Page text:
Given a site that publishes unique content online and given that there are lots of site scrapers and persons stealing content and reposting it as their own, inevitably you will have the same content hosted on different sites.

Is there any measure that can be taken to later prove, beyond any doubt, what the original source of the content was?

2 Answers 2


What you want here is not "non-repudiation". Non-repudiation is about preventing the true author of a document from later on claiming that he was not, in fact, the author, and cannot be held responsible for the document contents.

No, what you seek is quite the contrary: you want to prevent non-authors from claiming that they are the true author. You want to prove that you produced/published the data first. This is called a proof of anteriority. In the non-computer world, this is done with a Soleau envelope (in France). The computer equivalent is Trusted Time-Stamping: an "authority" (called "TSA") applies a digital signature on a structure which contains both the current date (as known by the TSA) and a hash value; assuming that the hash function is cryptographically strong (resistant to second preimages), this signature is a proof that "whatever was hashed" already existed at the date contained in the time stamp. All you have to do is then to time stamp a copy of your content along with an unambiguous designation of yourself (say, your name).

How a time stamp may hold in court, during litigation, is a complex question. It depends on a lot of things. In France again, there is a notion of horodatage qualifié which designates a TSA whose systems apply a lot of security measures which collectively ensure that the time stamp is trustworthy; it is all spelled out in this document (in French). Supposedly, a time stamp from such a TSA would be accepted as proof "by default", the burden of proof being placed squarely on whoever claims that the time stamp is fake. Actual rules are heavy: redundant physical security, regular audits, background checks on all developers and operators... and, last but not least, demonstration that the TSA uses a time source which is accurate to the second, and cannot be easily subverted remotely (e.g. simply using some NTP servers on the Internet is not sufficient, since NTP packets can be spoofed). The "under 1 second accuracy" rule is especially troublesome, because computer internal clocks tend to drift by more than one second per month, and leap seconds cannot be simply ignored, as is customary in computers.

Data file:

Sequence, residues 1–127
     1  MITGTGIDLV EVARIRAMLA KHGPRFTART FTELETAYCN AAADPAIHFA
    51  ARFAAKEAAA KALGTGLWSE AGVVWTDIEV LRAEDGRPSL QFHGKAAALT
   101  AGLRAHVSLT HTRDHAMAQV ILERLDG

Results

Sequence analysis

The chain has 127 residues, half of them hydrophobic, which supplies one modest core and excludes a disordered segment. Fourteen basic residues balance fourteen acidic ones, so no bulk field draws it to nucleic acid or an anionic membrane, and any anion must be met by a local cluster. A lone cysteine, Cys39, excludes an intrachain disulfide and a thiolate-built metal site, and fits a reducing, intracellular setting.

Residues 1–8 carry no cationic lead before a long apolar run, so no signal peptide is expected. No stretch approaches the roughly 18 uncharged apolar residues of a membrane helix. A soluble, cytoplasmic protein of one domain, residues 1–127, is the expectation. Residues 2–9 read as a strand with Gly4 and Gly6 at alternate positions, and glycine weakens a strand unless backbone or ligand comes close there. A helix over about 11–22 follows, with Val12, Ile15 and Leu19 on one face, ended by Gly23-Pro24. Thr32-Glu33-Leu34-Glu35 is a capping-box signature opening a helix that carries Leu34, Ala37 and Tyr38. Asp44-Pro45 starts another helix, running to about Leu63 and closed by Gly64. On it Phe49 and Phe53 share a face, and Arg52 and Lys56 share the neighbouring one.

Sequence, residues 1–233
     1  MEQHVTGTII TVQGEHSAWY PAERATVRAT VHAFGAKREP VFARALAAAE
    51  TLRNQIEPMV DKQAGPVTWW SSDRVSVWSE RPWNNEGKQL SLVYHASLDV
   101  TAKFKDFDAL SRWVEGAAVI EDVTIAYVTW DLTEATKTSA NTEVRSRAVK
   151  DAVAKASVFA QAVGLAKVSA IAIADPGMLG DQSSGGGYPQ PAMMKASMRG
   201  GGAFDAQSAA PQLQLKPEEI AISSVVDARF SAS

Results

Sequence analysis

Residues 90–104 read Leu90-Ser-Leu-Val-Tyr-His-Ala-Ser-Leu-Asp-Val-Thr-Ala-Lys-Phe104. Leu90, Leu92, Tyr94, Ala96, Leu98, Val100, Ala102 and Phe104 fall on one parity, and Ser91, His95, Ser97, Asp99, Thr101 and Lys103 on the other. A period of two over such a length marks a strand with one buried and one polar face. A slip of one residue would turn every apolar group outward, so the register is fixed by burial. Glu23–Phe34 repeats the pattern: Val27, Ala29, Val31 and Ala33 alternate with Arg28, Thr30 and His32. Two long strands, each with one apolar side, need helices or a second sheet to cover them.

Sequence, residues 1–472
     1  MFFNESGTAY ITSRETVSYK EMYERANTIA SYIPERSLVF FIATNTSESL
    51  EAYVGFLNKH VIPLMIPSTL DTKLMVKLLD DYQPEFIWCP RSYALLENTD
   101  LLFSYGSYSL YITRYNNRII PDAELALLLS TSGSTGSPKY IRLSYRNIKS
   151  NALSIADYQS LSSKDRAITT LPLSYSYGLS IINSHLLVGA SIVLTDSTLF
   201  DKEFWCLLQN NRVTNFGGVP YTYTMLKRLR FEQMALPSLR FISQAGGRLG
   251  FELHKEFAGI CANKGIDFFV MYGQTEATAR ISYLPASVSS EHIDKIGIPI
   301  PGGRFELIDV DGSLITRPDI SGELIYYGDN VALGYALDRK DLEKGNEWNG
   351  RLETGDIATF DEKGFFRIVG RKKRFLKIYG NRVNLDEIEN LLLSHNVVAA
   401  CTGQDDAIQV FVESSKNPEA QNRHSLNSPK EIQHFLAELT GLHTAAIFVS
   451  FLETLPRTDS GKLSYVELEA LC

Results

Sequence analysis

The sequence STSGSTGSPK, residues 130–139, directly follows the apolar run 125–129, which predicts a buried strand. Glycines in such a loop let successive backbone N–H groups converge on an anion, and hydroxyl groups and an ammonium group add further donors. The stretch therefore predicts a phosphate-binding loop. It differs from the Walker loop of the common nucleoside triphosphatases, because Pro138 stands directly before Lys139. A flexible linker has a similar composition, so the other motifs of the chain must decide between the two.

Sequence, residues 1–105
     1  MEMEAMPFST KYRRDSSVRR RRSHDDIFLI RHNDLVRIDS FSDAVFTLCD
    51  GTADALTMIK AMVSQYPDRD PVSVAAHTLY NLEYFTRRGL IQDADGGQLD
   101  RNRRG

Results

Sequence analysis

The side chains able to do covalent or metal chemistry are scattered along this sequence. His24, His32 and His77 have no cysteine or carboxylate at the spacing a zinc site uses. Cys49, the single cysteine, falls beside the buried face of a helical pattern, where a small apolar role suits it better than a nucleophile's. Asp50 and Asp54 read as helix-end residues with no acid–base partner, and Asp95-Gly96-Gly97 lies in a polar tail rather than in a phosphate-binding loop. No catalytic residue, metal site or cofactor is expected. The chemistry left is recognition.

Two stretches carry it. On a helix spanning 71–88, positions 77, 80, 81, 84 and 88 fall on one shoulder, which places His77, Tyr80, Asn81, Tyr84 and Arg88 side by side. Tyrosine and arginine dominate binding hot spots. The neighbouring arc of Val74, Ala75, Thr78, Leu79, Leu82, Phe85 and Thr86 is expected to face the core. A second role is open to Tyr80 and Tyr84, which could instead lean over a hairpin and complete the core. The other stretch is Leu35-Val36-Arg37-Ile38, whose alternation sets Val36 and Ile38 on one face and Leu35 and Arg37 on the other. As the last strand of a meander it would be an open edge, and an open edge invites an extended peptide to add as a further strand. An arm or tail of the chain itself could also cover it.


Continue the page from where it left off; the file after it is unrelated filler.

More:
Of course, one would have guessed that France would go for a centralized, bureaucratic set of byzantine rules. In countries with a Common Law tradition (in particular UK, USA, and Commonwealth members), it is expected that whether some time stamps are acceptable as proof "beyond any doubt" or not, will be asserted by judges in the course of the resolution of actual litigation. Which means that question is still, as of now, open.

If you really want, now, to establish your authorship of your works, I suggest that you print them out on actual paper, and use established pre-computer procedures, e.g. registration with a specialized office (of course, there may be fees).

  • I didn't quite know how to phrase the title so only non-repudiation came to mind because... well... you can't deny it's you who wrote it so it indeed proves it's you who wrote it :).
    – John
    Commented Jan 11, 2014 at 18:59

To add to the answer of Tom Leek, the European Union already has a legal framework covering trusted timestamps as part of the definition of a qualified electronic signature in European Directive 1999/93/EC.

Following this regulation, qualified trusted timestamps are also interoperable and have the same legal value in all countries where this notion exists (as of today, 13 Member states have accredited national TSAs to provide such qualified timestamps).

In 2014 a new regulation will establish the legal value and interoperability of qualified electronic timestamps in all Member states.

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